Six companies of the Adani group that trade on Indian exchanges have clarified through filings to the bourses stating that they possess written confirmation that the demat (dematerialised) accounts of three foreign funds have not been frozen.
"Given the seriousness of the article and its consequential adverse impact on minority investors, we requested Registrar and Transfer Agent, with respect to the status of the Demat Account of the aforesaid funds and have their written confirmation vide its e-mail dated 14th June, 2021, clarifying that the Demat Account in which the aforesaid funds hold the shares of the Company are not frozen", say these filings.
This is a response to the shares of the Adani group companies witnessed a massive fall on June 14, collectively eroding Rs. 1 lakh crore in market capitalisation (m-cap) (according to Moneycontrol) as an article in the Economic Times reported that National Depository Services Limited (NSDL) froze these accounts that held ₹43,500 crores as investments in these entities.
The three firms - Albula Investment Fund, Cresta Fund and APMS Investment Fund - are all Mauritius based funds and are registered with the Securities and Exchange Board of India (SEBI) as foreign portfolio investors (FPIs).
The crash in some of the shares have been more than 10%, according to live data across the Bombay Stock Exchange and National Stock Exchange. Four of the six scrips - Adani Transmission, Adani Total Gas and Adani Green - have hit the lower circuit of 5%. Adani Ports and Special Economic Zones, a NIFTY50 constituent, hit the lower circuit of 20% but has since recovered, currently trading 14% lower. The sixth stock, Adani Enterprises, is trading lower at Rs. 1409, down 12.19%.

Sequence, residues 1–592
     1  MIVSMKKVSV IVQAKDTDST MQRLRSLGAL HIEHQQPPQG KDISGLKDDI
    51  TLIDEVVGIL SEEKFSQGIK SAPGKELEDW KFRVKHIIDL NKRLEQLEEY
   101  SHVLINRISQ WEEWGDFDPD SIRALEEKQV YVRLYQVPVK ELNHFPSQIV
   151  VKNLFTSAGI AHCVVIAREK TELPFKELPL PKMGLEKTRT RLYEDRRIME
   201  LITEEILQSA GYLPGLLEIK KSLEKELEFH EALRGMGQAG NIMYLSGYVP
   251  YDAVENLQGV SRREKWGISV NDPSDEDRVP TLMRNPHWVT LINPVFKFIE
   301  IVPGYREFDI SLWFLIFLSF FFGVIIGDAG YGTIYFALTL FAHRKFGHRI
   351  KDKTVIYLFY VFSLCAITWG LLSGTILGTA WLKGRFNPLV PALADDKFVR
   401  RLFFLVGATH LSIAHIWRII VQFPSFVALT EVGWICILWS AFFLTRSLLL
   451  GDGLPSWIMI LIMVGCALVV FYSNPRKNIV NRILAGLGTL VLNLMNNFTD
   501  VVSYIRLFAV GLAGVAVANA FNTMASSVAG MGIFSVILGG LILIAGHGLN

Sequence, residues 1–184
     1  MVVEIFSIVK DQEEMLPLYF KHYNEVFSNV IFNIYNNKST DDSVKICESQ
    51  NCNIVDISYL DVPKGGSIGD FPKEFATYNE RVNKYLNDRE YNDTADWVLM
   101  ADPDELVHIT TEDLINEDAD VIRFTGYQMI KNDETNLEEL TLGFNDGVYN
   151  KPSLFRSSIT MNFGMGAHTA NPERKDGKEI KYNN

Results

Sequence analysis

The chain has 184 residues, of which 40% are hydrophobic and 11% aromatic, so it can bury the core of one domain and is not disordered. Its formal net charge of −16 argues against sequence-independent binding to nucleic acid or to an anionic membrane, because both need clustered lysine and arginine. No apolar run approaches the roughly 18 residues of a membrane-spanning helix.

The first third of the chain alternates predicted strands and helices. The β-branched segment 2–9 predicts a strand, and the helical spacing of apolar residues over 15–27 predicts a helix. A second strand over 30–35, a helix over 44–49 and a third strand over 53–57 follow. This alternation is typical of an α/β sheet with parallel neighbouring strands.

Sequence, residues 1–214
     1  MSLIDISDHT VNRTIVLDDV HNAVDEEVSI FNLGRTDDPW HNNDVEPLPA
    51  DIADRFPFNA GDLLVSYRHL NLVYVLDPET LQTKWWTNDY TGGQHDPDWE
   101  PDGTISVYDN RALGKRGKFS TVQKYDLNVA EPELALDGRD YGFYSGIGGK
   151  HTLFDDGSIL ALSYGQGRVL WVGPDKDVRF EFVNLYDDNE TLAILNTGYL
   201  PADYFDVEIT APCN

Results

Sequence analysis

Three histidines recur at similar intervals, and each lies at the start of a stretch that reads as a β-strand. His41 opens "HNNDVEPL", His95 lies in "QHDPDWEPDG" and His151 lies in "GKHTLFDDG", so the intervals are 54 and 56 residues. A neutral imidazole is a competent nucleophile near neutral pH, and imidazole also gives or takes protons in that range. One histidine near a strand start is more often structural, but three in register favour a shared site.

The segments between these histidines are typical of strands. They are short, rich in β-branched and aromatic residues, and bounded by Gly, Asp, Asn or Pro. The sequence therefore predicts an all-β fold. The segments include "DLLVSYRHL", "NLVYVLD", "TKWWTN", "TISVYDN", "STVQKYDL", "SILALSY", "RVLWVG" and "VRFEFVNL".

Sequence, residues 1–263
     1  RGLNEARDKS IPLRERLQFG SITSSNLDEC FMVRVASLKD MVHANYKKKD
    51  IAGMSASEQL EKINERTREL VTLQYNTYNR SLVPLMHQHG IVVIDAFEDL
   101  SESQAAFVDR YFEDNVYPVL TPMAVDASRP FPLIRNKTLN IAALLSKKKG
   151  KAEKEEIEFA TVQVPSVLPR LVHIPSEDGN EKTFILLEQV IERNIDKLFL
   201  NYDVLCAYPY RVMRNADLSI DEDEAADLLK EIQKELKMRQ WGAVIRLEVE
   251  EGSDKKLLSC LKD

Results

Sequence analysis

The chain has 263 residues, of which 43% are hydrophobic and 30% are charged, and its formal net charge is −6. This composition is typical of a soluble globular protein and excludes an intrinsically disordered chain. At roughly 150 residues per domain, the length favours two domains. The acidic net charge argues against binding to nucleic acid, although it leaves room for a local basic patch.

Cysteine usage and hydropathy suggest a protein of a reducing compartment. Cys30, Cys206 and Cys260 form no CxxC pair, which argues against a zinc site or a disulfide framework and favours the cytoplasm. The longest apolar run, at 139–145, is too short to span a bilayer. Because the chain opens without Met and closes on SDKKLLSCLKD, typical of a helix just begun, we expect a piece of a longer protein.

Here's five things you need to know about today's crash.
1. How much have the shares crashed?
Here are the values of the six scrips (as of 2.35 PM, on the NSE).
2. Why have they crashed?
They have crashed since the NSDL has frozen the accounts of the above mentioned three foreign portfolio investors (FPIs) who have substantial investments in a bouquet of Adani group shares, according to news reports.
A freeze implies that they will not be able to amend their existing holdings. Together, these funds account for Rs. 43,500 crores worth of holding in this group.
According to NSDL, these accounts were frozen on or before May 31.
Journalist Sucheta Dalal had also tweeted a few days ago regarding rigging in the prices of the stocks of a certain group. Users of social media are interpreting this to be stocks of the Adani companies.
3. Why were their accounts frozen?
Though NSDL did not put out a reason, their accounts were frozen most likely due to insufficient disclosure under the Prevention of Money Laundering Act, according to an unnamed source with the NSDL to the Economic Times.
The source also said that the custodian (NSDL) gives prior warnings before resorting to such a step, and could take action if there is no response or non-compliance.
4. What do we know about these three funds?
The three funds are based on the same address in St. Louis, the capital of Mauritius. All three of them also do not have websites, according to a report.
But an April coverage of the holdings done by the Morning Context shows that these firms have more than 95% of their holding in Adani companies. According to the report, such a heavily skewed investment in a single set of stocks is not illegal, but highly unusual.
Also, in the wake of the hot market rally that took place in 2020, in which the market broadly rallied including Adani stocks, these funds kept their holdings steady without booking profits or reducing their holdings.
5. Why is this freezing significant?
The freezing comes on the heels of Adani venturing into the cement business, according to filings with the bourses. Adani Enterprises - his flagship business - said in the filing on June 12 that they were entering the cement business by incorporating a new wholly owned subsidiary, Adani Cement.
The freeze also comes as Gautam Adani became the 14th richest man in the world, valued at $43.2 billion, according to Bloomberg data, as reported on June 13, after Mukesh Ambani, who is valued at over $84 billion.
This story has been updated with a statement from the Adani Group
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